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Biodiversity

Far-Flung Relatives: A seabird’s story of population fragmentation

Cristofari, R., Plaza, P., Fernández, C. E., Trucchi, E., Gouin, N., Le Bohec, C., … Luna-Jorquera, G. (2019). Unexpected population fragmentation in an endangered seabird: the case of the Peruvian diving-petrel. Scientific Reports, 9(1), 2021. doi:10.1038/s41598-019-38682-9

Yunco (Pelecanoides garnotii) by Pablo Caceres Contreras. (2008). https://www.flickr.com/

The Pacific coast of South America is a unique location on our planet; thanks to nutrient-rich waters rocketing upwards from the deep ocean, the Humboldt Current System (HCS) supports a staggering diversity of marine life. This biodiversity is increasingly being stressed by climate change and coastal development, though, so scientists are constantly on the lookout for ecosystem issues. Seabirds are often bioindicator species, which means any problems related to their health or overall populations are likely a result of problems with the ecosystem as a whole—sort of like the canaries in the coal mines.

One of the local species, the Peruvian diving petrel (Pelecanoides garnotii), has recently gotten attention due to the population’s stark decline in the last century. In the early 1900s, these petrels could be found along 4,000 km (~2,500 miles) of Peruvian and Chilean coastline, but impacts (e.g. poaching by humans, guano extraction, natural competition over fish stocks, etc.) nearly drove the population to extinction. Only seven breeding sites remain active today, clustered into two main areas and separated by 1,300 km (~800 miles).

While the global population tanked, some surveys suggested local populations around these breeding sites were starting to recover; scientists were skeptical, though, given how little data had been collected about the species before the population crash. Without much information on the petrel’s life history, its distribution at-sea, or patterns within an individual’s genes (aka its genetic structure), an international team of Scandinavian and South American scientists set out to look for clues hidden in DNA. Specifically, Robin Cristofari and Guillermo Luna-Jorquera’s group hoped to find clues that would reveal breeding habits and shed light on whether or not the species was more resilient than the few surveys to date would suggest.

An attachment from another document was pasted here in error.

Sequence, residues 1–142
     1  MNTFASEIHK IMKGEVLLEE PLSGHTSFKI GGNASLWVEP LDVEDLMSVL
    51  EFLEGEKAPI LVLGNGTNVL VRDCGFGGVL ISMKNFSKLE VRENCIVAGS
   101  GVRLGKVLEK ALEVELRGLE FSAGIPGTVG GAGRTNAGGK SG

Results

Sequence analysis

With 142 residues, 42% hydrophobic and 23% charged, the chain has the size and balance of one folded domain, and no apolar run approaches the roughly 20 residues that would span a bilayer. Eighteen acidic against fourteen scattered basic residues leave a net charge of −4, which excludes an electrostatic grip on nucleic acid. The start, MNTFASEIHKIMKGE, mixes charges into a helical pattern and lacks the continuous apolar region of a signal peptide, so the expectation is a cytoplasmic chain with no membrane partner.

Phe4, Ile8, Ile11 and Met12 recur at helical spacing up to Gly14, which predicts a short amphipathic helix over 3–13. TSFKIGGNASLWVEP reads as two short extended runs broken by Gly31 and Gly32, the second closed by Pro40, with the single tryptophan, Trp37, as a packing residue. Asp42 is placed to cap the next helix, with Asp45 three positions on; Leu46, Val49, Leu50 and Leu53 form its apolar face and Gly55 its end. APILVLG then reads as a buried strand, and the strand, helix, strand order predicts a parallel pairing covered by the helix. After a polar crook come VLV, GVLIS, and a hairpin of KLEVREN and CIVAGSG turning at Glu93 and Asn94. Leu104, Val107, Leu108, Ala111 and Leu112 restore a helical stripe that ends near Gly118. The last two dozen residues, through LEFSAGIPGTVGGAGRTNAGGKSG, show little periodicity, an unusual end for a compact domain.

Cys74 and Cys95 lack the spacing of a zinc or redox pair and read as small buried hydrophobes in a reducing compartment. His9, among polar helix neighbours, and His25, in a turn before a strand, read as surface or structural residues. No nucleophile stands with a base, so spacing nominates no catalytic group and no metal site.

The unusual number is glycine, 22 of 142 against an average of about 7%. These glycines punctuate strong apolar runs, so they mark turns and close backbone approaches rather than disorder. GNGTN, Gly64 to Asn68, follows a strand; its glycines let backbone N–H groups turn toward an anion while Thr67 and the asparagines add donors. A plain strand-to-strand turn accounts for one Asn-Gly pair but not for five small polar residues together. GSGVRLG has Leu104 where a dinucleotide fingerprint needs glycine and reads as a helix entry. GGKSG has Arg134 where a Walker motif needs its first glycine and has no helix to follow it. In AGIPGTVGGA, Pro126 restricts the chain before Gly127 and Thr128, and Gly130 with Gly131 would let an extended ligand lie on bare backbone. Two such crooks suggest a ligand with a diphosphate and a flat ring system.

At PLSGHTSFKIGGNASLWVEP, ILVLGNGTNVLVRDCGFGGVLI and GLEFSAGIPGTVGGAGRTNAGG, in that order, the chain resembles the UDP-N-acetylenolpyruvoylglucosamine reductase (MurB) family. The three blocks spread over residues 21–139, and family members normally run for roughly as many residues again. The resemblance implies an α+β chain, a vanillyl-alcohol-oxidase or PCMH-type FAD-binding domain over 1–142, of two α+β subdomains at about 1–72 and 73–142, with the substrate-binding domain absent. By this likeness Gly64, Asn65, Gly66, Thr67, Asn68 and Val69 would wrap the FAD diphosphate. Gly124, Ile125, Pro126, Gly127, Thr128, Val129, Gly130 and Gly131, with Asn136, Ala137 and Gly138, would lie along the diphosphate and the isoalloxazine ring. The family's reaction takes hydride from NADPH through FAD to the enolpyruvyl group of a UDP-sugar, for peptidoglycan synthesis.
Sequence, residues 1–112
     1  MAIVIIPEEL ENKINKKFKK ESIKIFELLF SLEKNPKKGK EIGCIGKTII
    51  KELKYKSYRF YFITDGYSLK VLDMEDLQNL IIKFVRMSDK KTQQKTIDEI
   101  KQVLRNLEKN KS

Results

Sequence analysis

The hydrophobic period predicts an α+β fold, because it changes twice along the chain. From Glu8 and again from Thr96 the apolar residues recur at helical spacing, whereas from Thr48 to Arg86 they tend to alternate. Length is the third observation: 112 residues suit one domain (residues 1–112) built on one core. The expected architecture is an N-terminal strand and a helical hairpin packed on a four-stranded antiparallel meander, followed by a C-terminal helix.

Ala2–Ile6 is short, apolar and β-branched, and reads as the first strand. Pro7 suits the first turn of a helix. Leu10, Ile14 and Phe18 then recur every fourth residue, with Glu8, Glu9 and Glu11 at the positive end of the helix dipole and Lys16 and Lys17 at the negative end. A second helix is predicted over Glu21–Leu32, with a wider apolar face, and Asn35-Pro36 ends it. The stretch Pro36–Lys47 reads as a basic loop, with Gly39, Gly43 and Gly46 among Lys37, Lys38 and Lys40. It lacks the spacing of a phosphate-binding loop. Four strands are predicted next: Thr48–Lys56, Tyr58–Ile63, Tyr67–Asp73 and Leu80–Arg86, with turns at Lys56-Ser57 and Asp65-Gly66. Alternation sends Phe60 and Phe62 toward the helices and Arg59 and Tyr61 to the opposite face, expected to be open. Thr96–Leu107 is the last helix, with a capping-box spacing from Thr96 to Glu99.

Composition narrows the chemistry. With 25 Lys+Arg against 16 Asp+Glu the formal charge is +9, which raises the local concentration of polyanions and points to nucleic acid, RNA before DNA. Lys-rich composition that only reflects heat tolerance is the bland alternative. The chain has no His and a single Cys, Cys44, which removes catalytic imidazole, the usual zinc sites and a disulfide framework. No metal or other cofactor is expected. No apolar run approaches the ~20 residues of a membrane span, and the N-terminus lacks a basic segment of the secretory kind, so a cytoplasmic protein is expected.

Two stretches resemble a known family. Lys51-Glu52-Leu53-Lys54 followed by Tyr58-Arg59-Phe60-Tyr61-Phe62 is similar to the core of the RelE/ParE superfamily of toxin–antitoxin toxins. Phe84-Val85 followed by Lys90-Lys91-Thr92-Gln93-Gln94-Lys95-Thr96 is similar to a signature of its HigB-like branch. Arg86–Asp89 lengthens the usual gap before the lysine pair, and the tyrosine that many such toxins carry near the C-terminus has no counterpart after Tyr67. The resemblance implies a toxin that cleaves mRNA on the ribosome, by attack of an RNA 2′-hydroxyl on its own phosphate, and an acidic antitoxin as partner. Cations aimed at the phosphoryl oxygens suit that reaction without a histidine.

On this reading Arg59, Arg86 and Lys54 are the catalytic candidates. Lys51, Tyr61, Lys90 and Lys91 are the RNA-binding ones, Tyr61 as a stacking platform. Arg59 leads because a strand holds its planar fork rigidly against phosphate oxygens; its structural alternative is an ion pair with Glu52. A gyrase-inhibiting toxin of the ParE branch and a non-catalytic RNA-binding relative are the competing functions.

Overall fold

Fig. 1: Cristofari et al., 2019. Depicts the breeding sites of the Peruvian diving petrel. The grey area is the historical range of the species. Box A shows the two Peruvian breeding sites while Box B shows the remaining five Chilean sites. Isla Grande (orange marker) is one of the newest breeding sites, having only been noted as of 2000. Isla Chañaral (white marker) was not active at the time of survey, and Isla Pajáros (grey marker) was not sampled.

The group sampled DNA from 109 petrels from across five breeding sites before beginning the process of searching within the genome for clear mitochondrial markers and abnormalities (e.g. single-nucleotide polymorphisms, or SNPs). Geographic ranges of a species can be figured out through mitochondrial DNA, since those genetic sequences are only passed down through the mother’s line and begin rapidly changing the more isolated a species is. Single-nucleotide polymorphisms (SNPs), on the other hand, are already fairly common but can be used like genetic fingerprints to identify individuals and their close relatives. Using these different pieces of information from the genome, the team examined if different subpopulations were cropping up within the larger population, and also tried estimating gene flow (genetic mixing) between the separate breeding sites.